Continuous Glucose Monitoring (CGM) Sensors are a useful medical device to monitor your blood sugar levels. CGMs measure your blood sugar continuously and for longer periods. CGMs are small and implantable sensors. They use an electrochemical sensor to measure the glucose in the interstitial fluid. Their task is to monitor your blood sugar level every 2 minutes without repeated finger pricking. Your glucose readings are received wirelessly on your smartphone via a mobile application every 2 or 5 minutes depending on the CGM model you are using.
for better accuracy and longer sensor life
and why your SG and BG won't always match?
SG is your Sensor Glucose from a CGM, while BG is your Blood Glucose measured by a BGM. For instance, after we eat, blood sugar begins to rise approximately 15 minutes after food is ingested and reaches its peak around an hour later. Postprandial glucose (your glucose after a meal) depends on several factors, such as the type of food consumed, your metabolism, your BMI, etc.
When you measure your blood sugar with a glucose meter, an increase shall be seen 15 minutes after a meal. When you use a sensor, there is an additional "delay" of around 15 minutes until the glucose "reaches" the sensor. You should expect an increase in your sensor glucose readings around 30 minutes after a meal. The same pattern applies to the decrease in blood glucose.
When you compare a sensor reading to a glucometer reading, you should not always expect the same values.
Simply put, BGM and CGM measure different values:
You may be wondering why your Blood Glucose (BG) and Sensor Glucose (SG) values do not match. To help you better understand, we will briefly explain why it is normal and why to expect it.
Glucose is the main source of energy of our body. We obtain it from the food we eat. When food, especially carbohydrates, is digested, it is converted into glucose. Glucose is absorbed from the digestive tract into the bloodstream. Only then does glucose move from the bloodstream to the fluid that surrounds all cells in the body. This fluid is called the interstitial fluid. Once in the interstitial fluid, glucose moves to the cells, where it can be used for energy.
When you prick your finger, you measure your blood glucose level. This type of measurement is Blood Glucose (BG). A CGM sensor measures glucose levels in the interstitial fluid (the fluid that surrounds our cells). This type of measurement is called Sensor Glucose (SG).
No match in readings between your BGM and CGM occurs because the information about your glucose levels has not yet reached to the interstitial fluid (SG). BGM and CGM measure glucose levels in two different areas. Glucose always moves between these two areas. Your Blood Glucose (BG) and Sensor Glucose (SG) will rarely be exactly the same. This is normal and you should expect it. Follow the calibration tips below for best performance.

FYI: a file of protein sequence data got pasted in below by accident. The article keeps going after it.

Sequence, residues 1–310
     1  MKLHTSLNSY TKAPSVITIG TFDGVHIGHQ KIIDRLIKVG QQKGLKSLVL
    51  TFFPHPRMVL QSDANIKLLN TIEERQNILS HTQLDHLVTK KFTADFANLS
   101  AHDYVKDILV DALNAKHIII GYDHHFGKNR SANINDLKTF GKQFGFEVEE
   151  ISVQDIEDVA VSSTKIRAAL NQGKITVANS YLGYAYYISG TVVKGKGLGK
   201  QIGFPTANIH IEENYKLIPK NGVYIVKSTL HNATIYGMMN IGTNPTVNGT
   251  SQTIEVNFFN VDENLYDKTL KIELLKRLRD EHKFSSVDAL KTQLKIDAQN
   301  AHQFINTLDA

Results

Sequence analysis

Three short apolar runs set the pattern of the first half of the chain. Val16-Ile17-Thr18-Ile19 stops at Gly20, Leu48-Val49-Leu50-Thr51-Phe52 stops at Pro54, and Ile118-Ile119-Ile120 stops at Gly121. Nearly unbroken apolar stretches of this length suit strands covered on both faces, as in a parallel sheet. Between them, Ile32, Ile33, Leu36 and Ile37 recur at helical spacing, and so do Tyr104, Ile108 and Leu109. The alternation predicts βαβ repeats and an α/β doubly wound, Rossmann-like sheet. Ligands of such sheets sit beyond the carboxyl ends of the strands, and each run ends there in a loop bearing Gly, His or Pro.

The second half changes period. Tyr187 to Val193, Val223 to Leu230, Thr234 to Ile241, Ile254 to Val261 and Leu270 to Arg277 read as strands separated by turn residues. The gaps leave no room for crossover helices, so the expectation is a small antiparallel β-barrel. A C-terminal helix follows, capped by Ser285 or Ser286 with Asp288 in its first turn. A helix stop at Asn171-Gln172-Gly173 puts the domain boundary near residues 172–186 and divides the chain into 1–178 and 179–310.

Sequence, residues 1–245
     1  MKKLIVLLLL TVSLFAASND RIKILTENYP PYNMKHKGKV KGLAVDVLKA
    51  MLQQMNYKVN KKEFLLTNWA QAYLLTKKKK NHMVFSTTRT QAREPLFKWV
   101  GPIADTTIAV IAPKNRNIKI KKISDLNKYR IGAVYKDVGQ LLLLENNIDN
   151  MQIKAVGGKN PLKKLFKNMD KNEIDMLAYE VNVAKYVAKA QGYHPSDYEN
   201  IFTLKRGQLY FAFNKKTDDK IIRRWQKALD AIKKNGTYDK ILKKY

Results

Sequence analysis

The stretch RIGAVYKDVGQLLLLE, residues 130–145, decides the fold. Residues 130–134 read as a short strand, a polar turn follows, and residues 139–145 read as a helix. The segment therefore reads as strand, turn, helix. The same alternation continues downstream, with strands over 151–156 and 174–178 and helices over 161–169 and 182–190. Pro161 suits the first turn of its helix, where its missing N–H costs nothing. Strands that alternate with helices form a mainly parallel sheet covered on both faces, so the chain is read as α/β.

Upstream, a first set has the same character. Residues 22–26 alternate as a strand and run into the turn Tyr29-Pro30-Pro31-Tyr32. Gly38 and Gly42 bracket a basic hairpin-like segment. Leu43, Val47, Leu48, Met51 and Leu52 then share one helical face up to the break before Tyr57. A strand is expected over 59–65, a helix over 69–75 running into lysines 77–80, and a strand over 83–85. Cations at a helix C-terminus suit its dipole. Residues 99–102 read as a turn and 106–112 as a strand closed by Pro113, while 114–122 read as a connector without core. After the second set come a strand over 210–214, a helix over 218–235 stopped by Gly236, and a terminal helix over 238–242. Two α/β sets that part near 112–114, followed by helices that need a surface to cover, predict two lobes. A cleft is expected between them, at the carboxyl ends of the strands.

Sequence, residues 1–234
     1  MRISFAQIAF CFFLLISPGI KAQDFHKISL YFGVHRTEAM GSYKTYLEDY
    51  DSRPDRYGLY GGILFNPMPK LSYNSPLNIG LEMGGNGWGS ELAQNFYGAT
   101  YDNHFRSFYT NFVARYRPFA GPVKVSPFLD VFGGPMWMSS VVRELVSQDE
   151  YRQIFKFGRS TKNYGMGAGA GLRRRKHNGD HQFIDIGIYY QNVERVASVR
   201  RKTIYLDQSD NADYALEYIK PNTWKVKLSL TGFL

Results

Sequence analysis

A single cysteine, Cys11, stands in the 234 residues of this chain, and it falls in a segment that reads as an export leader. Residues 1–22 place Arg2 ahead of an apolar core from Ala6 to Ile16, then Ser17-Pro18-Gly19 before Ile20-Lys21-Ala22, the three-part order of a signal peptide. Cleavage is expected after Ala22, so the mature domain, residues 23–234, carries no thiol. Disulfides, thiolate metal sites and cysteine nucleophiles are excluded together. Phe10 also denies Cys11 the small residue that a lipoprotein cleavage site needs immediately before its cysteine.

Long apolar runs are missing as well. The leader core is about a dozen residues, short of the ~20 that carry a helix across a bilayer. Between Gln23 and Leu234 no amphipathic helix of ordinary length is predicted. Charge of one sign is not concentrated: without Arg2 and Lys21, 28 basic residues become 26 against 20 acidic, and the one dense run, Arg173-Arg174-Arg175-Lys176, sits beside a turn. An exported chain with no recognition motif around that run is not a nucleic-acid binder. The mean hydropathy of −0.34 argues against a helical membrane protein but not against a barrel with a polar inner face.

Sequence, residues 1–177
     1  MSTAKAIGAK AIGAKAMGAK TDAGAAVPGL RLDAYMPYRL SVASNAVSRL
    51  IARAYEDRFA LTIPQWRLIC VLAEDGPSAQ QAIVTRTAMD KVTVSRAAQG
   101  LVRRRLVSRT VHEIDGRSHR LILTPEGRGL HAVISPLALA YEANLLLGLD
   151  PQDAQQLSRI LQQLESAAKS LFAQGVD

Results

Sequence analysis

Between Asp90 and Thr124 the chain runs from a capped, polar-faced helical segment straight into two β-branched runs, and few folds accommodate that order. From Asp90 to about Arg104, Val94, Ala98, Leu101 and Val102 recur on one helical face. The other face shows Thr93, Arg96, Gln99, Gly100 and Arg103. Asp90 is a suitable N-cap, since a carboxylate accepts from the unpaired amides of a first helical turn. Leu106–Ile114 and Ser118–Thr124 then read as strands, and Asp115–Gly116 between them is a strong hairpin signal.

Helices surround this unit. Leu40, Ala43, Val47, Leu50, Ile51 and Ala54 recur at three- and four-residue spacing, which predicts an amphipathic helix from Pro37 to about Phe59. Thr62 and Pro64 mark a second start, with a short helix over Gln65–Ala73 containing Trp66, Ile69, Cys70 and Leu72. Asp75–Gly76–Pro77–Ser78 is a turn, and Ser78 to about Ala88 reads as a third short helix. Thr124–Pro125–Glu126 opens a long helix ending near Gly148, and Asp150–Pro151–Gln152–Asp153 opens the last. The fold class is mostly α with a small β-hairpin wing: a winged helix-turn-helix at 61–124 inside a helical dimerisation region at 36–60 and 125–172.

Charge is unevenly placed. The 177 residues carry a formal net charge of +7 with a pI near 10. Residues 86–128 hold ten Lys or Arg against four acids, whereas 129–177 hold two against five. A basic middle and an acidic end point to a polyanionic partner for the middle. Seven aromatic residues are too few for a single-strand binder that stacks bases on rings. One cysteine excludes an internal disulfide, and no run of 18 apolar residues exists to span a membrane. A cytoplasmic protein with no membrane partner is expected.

Note that the information provided by the sensor is intended to add up, but not replace the blood glucose readings from a glucometer. Before treating, always check BG values with a glucose meter.
the most important part of achieving better accuracy.
This section applies to sensors which require calibration. Calibration is the step where mistakes are most common. Poor calibration can lead to sensor inaccuracy.
Sensor calibration is a recommended feature with a sole purpose - safety. CGM systems which do not require calibration may be dangerous for your health as you may forget to compare your BG and SG readings.
Despite the differences you can observe between BG and SG readings, CGMs are a useful tool to monitor and control blood sugar levels. CGM readings provide broader and more detailed information about your glucose levels without pricking your finger every 2 minutes. Sensors are a great indicator of your glucose trends and levels. Glucose alarms come in handy, and they can be personalized (Glucose Alerts), as well as the alerts for quickly increasing or decreasing glucose levels (Rapid Rise/Fall).
CGM sensors should be used with caution.
To protect your CGM, you must
*We do not recommend inserting a sensor on the side you sleep. During sleep, you may unconsciously apply pressure on the sensor or obstruct the signal without your knowledge. If you often sleep on your right side, we recommend inserting a sensor on your left side.
Always confirm your Sensor Readings with a Glucose Meter before treatment.
Our team tested the Medtrum TouchCare A7+ (in some countries Slim) CGM System to study the accuracy and performance of the system. We will continue to inform you about the most effective and efficient methods of using CGM sensors. Medtrum TouchCare is a certified product in the European Union and is reimbursed in several countries across Europe. Medtrum TouchCare sensors have been approved for reimbursement by the National Health Insurance Fund in Bulgaria at the end of 2021.
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